by Kate Palmer Albers, author of Uncertain Histories: Accumulation, Inaccessibility, and Doubt in Contemporary Photography

This guest post is part of a series for World Photo Day. Some of our authors with recent and forthcoming titles on a range of photography-related topics will share stories throughout the day. We hope these personal glimpses into their work will inspire a broad community of readers. Follow along throughout the day for more.

Several years agAlbers_photo_1o, I was looking with my grandmother through an old photo album from the 1930s or 40s. Fitting the era, it had thick black pages with small black and white prints adhered with photo corners, and white handwritten captions under most of the photographs.

Two things struck me about this album. First, it featured several photographs of my grandfather, Benjamin Holt, with the repeated caption “Holt in a characteristic pose”. He was always up to some antic, and the caption has become a family joke. Though you wouldn’t know it from my research interests and writing, one of my favorite things about photography is how, through nearly its entire history, people have used the medium to capture themselves and others being total goofballs. It’s comforting to see photographic proof that your grandfather and his friends were, some 70 years earlier, just those goofballs.

But the second thing that struck me about the album was the opposite of the first, and existed nearly simultaneously with it. Though the individual photographs had been captioned by someone thoughtful and forward looking, and featured friends and family members of my grandfather, all of the stories had to be narrated to me: I was like a toddler listening at story hour, unable to independently access, let alone decode, what was “in” those photographs.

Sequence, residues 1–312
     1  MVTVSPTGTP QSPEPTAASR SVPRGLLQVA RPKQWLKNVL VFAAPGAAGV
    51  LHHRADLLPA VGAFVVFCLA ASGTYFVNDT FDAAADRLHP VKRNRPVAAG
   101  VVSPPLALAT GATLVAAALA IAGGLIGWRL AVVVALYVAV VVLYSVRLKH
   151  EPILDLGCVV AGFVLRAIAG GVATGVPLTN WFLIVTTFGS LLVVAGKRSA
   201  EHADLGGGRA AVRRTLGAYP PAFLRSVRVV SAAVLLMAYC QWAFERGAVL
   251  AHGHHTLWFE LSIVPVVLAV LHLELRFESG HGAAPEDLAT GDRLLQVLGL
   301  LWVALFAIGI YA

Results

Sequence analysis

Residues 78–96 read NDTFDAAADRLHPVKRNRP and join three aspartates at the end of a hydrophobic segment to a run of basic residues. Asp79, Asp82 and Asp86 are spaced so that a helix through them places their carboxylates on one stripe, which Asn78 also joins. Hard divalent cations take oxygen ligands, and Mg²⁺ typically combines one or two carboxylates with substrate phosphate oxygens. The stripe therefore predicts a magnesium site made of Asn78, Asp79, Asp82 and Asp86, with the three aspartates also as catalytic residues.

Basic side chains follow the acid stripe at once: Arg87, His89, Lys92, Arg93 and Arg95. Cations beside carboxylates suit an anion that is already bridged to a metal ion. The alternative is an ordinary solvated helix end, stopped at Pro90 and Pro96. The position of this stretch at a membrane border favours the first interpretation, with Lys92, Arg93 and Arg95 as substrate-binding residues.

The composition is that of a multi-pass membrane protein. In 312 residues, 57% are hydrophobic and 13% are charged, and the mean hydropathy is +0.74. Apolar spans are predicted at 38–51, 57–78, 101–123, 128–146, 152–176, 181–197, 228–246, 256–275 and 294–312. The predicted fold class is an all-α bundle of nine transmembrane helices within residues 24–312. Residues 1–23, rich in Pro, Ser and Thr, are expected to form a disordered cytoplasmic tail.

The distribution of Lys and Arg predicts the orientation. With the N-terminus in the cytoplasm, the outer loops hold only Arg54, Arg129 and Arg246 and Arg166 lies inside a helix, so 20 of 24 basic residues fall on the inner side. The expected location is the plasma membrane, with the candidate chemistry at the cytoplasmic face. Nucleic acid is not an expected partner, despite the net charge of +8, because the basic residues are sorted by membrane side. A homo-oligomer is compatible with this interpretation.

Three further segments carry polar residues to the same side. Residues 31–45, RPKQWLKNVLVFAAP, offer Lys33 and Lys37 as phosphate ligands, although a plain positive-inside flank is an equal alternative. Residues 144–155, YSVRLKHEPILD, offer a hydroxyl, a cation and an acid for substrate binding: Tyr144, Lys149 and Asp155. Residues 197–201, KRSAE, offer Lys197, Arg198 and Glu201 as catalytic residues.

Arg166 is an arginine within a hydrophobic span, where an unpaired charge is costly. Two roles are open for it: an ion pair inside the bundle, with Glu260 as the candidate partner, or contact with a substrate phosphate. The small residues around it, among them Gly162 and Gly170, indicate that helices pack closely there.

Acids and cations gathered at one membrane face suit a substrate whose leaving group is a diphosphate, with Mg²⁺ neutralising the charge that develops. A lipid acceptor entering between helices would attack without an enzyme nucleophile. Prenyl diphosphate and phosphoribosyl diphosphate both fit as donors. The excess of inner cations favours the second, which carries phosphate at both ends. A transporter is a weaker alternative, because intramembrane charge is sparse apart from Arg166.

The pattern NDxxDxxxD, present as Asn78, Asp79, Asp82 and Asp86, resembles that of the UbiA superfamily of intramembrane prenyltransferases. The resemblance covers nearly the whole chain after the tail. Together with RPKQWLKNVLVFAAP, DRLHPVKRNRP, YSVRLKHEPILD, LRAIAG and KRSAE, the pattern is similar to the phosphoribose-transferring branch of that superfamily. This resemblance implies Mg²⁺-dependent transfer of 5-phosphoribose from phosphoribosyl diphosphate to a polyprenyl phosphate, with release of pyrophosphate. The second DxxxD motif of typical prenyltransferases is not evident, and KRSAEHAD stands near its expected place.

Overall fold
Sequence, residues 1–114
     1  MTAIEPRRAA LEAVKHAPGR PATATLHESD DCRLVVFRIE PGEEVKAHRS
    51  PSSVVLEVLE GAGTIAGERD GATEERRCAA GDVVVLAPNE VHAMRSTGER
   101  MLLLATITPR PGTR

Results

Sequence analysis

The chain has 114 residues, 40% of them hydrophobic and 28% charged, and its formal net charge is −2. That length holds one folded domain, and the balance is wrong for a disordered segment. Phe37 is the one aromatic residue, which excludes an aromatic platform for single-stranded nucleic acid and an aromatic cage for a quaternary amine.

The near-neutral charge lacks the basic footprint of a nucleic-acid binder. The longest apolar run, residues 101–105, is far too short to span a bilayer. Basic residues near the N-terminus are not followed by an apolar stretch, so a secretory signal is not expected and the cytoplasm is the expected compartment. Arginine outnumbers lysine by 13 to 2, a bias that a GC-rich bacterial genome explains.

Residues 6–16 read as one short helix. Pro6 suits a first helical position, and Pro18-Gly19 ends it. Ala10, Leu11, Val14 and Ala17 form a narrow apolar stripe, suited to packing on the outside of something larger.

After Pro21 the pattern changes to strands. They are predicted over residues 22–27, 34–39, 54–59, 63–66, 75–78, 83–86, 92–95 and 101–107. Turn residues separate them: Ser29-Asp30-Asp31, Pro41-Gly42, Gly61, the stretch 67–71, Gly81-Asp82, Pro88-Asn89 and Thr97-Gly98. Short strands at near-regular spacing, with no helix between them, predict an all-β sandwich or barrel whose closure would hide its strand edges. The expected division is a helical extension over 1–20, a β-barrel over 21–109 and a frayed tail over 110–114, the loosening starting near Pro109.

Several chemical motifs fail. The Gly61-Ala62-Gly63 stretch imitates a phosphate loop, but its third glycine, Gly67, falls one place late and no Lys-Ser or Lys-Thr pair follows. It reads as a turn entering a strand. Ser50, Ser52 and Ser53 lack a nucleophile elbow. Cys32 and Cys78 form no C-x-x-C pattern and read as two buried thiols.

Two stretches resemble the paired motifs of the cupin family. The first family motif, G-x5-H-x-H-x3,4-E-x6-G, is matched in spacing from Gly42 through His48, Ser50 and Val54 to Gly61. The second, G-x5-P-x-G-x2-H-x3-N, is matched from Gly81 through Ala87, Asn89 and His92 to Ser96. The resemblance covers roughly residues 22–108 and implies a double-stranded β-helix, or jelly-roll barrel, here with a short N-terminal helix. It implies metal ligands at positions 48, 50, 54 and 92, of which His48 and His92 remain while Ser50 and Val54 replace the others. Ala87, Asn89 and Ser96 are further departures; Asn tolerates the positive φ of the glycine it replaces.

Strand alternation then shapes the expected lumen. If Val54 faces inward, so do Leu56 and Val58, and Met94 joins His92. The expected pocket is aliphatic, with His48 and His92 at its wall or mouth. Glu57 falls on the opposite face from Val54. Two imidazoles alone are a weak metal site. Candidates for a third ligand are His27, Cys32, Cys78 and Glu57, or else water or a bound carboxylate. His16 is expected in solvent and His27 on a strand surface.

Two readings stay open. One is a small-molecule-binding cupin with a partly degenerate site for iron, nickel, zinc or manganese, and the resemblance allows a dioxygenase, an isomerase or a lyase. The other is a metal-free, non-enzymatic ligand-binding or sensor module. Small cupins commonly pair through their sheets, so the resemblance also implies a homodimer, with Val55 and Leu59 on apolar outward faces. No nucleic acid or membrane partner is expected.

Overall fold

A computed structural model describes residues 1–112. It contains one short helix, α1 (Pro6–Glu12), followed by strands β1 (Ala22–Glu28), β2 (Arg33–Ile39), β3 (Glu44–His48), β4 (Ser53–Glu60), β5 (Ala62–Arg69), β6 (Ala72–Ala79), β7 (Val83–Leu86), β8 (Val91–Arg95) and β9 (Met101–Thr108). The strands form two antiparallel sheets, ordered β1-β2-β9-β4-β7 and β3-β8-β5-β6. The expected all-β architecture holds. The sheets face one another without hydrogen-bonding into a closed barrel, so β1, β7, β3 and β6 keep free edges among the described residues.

It was simultaneously deeply familiar and entirely foreign. I was happy to learn that photographic humor had been around for generations in my family and a little bit stunned at how my eyes glazed over at the sight of so many individuals clearly so close to my grandfather but so distant from me.

I know this is a common experience: in the space of a generation, or less, we lose track of what we’re seeing. It occurred to me that, aside from the photographs of my grandfather, who was instantly recognizable to me even in his youth, by his high forehead and aqualine nose, that those photographs in the album could have belonged to anybody and could have depicted anyone, and it wouldn’t much make a difference to how I was seeing the images. The best I could do was make up my own stories.

I’m not suggesting that everyone needs to do a better job of captioning, cataloging, and archiving—though, in our culture, that’s certainly the current default mode. Rather, that there’s some value to embracing the notion that even our most cherished photographs —especially our most cherished photographs—will quickly become untethered from whatever meanings we’ve assigned them, well before the print or image has disappeared. They exist just for us.


Kate Palmer Albers is Associate Professor of Art History at the University of Arizona.